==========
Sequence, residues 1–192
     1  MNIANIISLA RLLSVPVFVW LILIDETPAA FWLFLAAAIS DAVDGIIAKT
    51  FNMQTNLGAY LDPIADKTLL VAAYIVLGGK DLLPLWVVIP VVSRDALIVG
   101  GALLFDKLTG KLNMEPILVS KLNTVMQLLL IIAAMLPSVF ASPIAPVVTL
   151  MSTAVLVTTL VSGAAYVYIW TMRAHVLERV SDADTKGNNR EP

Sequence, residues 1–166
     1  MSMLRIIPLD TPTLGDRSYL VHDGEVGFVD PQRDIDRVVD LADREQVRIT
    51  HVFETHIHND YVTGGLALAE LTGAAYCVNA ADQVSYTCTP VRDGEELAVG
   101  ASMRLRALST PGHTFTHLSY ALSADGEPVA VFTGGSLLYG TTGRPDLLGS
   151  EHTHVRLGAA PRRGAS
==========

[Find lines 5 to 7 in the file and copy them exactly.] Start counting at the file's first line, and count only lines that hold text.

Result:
   151  MSTAVLVTTL VSGAAYVYIW TMRAHVLERV SDADTKGNNR EP

Sequence, residues 1–166
     1  MSMLRIIPLD TPTLGDRSYL VHDGEVGFVD PQRDIDRVVD LADREQVRIT